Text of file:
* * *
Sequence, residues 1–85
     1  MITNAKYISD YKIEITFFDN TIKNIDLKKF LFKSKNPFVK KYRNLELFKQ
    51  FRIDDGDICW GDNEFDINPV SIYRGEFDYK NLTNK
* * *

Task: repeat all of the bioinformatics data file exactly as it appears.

Sequence, residues 1–85
     1  MITNAKYISD YKIEITFFDN TIKNIDLKKF LFKSKNPFVK KYRNLELFKQ
    51  FRIDDGDICW GDNEFDINPV SIYRGEFDYK NLTNK